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"John Carter" airship
A scene from the 2012 movie “John Carter” shows an airship engaged in a Martian battle. The NASA-backed concept for a Martian airship isn’t quite as ambitious. (© 2011 Disney / John Carter™ ERB, Inc.)

Truth can be stranger than fiction, but it shouldn’t be strange to hear that NASA spends millions of dollars on efforts to turn science-fiction concepts into true technologies.

The NASA Innovative Advanced Concepts program, also known as NIAC, has been backing far-out aerospace concepts for almost 20 years. It started out as the NASA Institute for Advanced Concepts, modeled after the Pentagon’s DARPA think tank.

NIAC’s latest crop of 22 tech projects was announced this week, and they include a few concepts that were virtually ripped from the headlines of science fiction’s pulp magazines. Here are our favorite five:

Evacuated airship for Mars missions
Proposed structure of an evacuated airship. (Illustration: John-Paul Clarke)

Flying airships of Mars: The idea of sending airships floating through the Red Planet’s skies dates back to Edgar Rice Burroughs’ Barsoom novels of the early 20th century.

One big problem: Mars’ actual atmosphere is so thin that an airship would have to maintain a vacuum to become buoyant. That’s exactly what Georgia Tech’s John-Paul Clarke intends to do with an experimental double-shelled, reinforced vacuum airship.

Maybe he should call it an “airless-ship.”

Transformation of Mars from red to green
Could bioengineered bacteria turn the Red Planet into a green planet? (Illustration: Adam Arkin)

Bioengineered bugs for Mars: To transform the Red Planet from a cold, lifeless world to something greener, astronauts lay down a layer of bioengineered algae in the 2000 movie “Red Planet.”

Berkeley’s Adam Arkin and his colleagues plan to look into bioengineering strains of a type of bacteria known as Pseudomonas stutzeri, with the aim of detoxifying the perchlorate in Martian soil and enriching it with ammonia. That’ll make it easier for Mars settlers to grow potatoes, like fictional astronaut Mark Watney did in “The Martian.”

Solar Gravitational Lens
Could the sun serve as a gravitational lens for spotting alien planets? (Illustration: Slava Turyshev)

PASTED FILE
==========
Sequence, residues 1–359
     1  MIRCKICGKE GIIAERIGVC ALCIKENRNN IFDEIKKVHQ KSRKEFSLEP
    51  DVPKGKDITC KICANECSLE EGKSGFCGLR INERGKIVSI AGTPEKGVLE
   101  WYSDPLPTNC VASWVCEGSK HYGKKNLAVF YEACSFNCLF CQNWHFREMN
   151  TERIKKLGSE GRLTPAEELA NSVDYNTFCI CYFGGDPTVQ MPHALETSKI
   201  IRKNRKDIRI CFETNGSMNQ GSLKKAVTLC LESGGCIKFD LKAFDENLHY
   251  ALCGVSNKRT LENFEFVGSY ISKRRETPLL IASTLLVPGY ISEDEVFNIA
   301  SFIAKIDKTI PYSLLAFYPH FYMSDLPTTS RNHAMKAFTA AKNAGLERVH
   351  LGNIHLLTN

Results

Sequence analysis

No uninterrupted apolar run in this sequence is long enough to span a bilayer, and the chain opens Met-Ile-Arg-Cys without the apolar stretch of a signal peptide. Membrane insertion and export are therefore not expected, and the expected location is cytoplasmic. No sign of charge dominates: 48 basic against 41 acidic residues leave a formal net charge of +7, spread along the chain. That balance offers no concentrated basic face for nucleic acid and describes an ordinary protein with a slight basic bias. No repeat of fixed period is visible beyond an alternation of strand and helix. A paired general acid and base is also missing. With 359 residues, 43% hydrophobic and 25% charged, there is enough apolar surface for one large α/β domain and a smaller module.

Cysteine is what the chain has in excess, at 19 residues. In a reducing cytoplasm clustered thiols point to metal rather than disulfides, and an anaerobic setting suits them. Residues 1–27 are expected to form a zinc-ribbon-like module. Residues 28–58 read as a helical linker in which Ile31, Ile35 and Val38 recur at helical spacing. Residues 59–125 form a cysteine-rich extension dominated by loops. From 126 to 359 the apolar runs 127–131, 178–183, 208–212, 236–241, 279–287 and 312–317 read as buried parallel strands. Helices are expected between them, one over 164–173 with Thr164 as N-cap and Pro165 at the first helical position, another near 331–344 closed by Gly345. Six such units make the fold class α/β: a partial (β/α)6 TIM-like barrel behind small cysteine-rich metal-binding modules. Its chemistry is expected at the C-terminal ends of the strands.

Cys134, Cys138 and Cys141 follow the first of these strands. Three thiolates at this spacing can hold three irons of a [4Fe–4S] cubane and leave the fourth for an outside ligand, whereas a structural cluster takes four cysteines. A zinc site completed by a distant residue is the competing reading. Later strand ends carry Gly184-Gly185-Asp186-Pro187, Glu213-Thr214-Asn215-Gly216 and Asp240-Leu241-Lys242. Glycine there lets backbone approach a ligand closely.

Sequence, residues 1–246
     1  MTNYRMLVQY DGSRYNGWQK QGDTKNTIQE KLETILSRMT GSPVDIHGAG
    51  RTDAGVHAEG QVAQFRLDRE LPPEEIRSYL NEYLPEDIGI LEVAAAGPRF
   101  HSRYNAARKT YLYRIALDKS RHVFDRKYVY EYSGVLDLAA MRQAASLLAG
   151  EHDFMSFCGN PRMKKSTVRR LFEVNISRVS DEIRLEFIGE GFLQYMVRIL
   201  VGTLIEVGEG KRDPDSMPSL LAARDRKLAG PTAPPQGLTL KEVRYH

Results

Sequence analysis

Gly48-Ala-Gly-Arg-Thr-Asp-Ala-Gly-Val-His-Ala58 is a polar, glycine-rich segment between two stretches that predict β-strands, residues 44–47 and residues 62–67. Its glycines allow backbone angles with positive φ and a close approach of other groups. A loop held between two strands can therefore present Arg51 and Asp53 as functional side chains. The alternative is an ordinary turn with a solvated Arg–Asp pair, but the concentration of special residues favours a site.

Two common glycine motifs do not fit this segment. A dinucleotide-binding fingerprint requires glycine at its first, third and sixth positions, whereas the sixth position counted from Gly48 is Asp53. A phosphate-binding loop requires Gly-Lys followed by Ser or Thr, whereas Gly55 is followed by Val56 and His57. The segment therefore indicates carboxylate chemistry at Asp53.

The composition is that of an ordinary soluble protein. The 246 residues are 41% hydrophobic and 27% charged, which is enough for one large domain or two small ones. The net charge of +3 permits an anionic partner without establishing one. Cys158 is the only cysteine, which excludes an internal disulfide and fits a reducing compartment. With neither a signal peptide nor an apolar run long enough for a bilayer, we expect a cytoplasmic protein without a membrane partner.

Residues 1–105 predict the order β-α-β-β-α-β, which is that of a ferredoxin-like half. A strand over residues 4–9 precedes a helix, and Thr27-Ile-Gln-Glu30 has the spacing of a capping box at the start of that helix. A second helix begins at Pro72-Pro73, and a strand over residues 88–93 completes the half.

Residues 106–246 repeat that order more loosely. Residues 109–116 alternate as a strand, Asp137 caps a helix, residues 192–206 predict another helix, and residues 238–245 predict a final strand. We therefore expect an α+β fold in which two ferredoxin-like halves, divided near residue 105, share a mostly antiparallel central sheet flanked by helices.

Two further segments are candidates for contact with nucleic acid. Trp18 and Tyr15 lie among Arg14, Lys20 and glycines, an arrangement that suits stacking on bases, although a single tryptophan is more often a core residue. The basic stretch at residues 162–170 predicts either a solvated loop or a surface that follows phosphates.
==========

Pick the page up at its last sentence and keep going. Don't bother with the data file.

Solar gravitational lens: Earthlings figure out how to use the sun’s gravitational field to focus light rays from the Milky Way galaxy’s distant frontiers in “Existence,” a novel by David Brin.

Slava Turyshev of NASA’s Jet Propulsion Laboratory will look into how a robotic probe sent to the far reaches of the solar system could actually use the sun as a gravitational lens to detect and study life on Earthlike planets up to 100 light-years away.

Turbolift for astronauts
The Turbolift system would assist astronauts during long-duration space exploration missions. (Illustration: Jason Gruber)

Artificial gravity: How do astronauts in space operas ranging from “Star Trek” to “The Expanse” keep their feet on the floor as the walk around their interplanetary spaceships? It’s challenging enough for real-life astronauts to keep their muscles and bones healthy in the zero-G conditions on the International Space Station.

Jason Gruber of Medical Solutions Group and his colleagues want to develop an unorthodox method to give astronauts a dose of artificial gravity during long-duration space missions: Their “Turbolift” system is basically an elevator that lifts and drops an astronaut for one-second bouts of 1G acceleration. “The experience is likely to be analogous to bouncing mildly on a trampoline,” Gruber says.

Continuous electrode IEC fusion concept
Continuous electrode inertial electrostatic confinement fusion is the focus of one of the NIAC-supported projects. (Illustration: Raymond Sedwick)

Fusion thrusters: Until the warp drive is invented, propulsion fueled by nuclear fusion is about the best we can do. Fusion power plants are built into fleets of fictional spaceships, including Discovery One in “2001: A Space Odyssey” and the starship Avalon in “Passengers.”

Several NIAC projects will look into fusion power and other unorthodox propulsion technologies: Check out the concepts from Michael LaPointe at NASA’s Marshall Space Flight Center, Raymond Sedwick at the University of Maryland, John Brophy at NASA’s Jet Propulsion Laboratory and Heidi Fearn at the Space Studies Institute.

Check NASA’s website for the full list of 15 Phase I projects, including ideas for asteroid-mining robots and solar-surfing probes.

Each of the Phase I projects is slated to receive up to $125,000 for a nine-month feasibility study. If those studies are successful, the teams can apply for Phase II grants, worth as much as $500,000, that are meant to support follow-up studies for two years.

NASA says five Phase II projects have been selected for the class of 2017:

NASA selects NIAC projects through a peer-review process that evaluates innovativeness and technical viability. The program is designed to support technologies in the early stages of development. Most of them are expected to require at least 10 more years of development before they’re incorporated into a NASA mission.

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